“Shocking.”

That’s how Elizabeth Jenks described police reports that her friend Jeremy Sorensen was on the ground, fighting with an 18-year-old woman, when a passerby shot him to death.

Sorensen was the person who could calm down Jenks’ 3-year-old daughter during church and soothe her to sleep, she said. He was a voracious reader, Jenks said, and a loyal friend, though he often struggled to communicate and understand social cues.

“It only took maybe 10 minutes into a conversation to realize how soft his heart was,” Jenks said.

Sorensen and the woman were fighting just before 8 p.m. outside of an apartment building near 500 North and 200 East when the passerby pulled his car up, got out, pulled out his gun and “yelled at” Sorensen, said Provo Police Sgt. Nisha King. The passerby “gave warnings” to Sorensen, who “did not respond" — so the passerby shot him twice, striking him at least once in the chest, King said.

The 18-year-old woman, whose name was not released, also was taken to the hospital for minor injuries she suffered in the fight with Sorensen, 26.

“That was shocking to me to hear that he was that aggressive toward another person,” Jenks said.

Less shocking, she said, was officers’ report that Sorensen did not immediately respond when the shooter threatened him with a gun.

“Now that I’m thinking more about his communication difficulties, I think it came down to a processing delay. It took him a little bit to sit back and think about things," said Jenks, who met Sorensen three years ago when he began attending Redeemer Church in Orem, where her husband is pastor.

Though he never disclosed any formal diagnosis, his friends believed he was on the autism spectrum, said Haley Sotelo, another friend of Sorensen’s from church. “Some of the signs were a lack of eye contact, not always being willing to speak, social anxiety,” Sotelo said.

Sotelo and Jenks both worried that Sorensen’s atypical reactions might be part of the reason the passerby shot him.

“I do think maybe the processing delay did play into the fact that he didn’t stop,” Jenks said. “It doesn’t make sense for someone not to stop when confronted by a gun, unless there’s something else happening.”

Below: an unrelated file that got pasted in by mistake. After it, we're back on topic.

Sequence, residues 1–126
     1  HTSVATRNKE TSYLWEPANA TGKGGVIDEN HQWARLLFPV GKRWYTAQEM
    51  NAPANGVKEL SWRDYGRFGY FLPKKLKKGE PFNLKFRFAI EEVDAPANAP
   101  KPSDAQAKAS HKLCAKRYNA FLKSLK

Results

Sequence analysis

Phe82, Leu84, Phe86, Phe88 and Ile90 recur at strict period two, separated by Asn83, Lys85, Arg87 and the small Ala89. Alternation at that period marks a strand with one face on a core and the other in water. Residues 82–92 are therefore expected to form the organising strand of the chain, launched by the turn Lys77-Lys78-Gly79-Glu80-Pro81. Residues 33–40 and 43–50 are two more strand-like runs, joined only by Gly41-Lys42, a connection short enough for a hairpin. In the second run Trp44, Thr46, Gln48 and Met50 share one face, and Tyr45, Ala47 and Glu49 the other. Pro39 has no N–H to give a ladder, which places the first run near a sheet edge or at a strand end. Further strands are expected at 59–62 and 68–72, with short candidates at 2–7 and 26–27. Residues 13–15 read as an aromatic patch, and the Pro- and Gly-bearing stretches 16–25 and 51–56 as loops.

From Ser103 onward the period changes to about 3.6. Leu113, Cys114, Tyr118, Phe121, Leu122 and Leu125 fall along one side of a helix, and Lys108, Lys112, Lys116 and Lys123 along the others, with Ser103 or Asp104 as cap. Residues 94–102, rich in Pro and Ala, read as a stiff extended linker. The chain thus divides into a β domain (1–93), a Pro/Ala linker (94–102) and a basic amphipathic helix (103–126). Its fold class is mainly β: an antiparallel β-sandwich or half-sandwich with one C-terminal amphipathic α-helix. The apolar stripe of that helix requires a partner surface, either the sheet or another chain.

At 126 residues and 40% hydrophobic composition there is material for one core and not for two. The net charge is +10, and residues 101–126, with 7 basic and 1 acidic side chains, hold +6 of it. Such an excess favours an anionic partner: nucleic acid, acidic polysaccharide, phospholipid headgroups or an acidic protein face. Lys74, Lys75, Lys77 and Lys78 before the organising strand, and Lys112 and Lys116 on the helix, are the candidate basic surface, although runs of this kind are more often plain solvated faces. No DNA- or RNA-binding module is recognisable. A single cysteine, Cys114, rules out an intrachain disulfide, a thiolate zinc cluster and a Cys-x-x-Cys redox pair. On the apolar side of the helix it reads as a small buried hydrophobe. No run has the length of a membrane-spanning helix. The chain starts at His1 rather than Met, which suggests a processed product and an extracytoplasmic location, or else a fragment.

But Jenks and Sotelo also said they doubted the gun was necessary in the first place.

“Lethal action wasn’t necessary. The guy could have called the police and let them handle it. Or he could have pushed [Sorensen]. They did not have to use a gun. There wasn’t a weapon in sight. Not everything has to be met with gun violence," Sotelo said. “[I] honestly wonder if the shooter would have shot so quickly had Jeremy been white and not black.”

“I do feel that excessive force was used in this situation,” Jenks agreed. “I do feel like if it was another white guy off the street, a different course of action would have been taken and someone wouldn’t have lost their life.”

Police have not released the shooter’s name, or the name of the woman Sorensen was fighting with. The woman was “absolutely traumatized,” said King, who said the two were “acquaintances.”

The shooter is “cooperating,” with police, King said. The fight and the shooting took place in front of BYU-approved student housing, but King said police don’t know if Sorensen, the passerby or the woman are BYU students.

The passerby has not been charged; King said the case is being reviewed by the Utah County Attorney’s Office.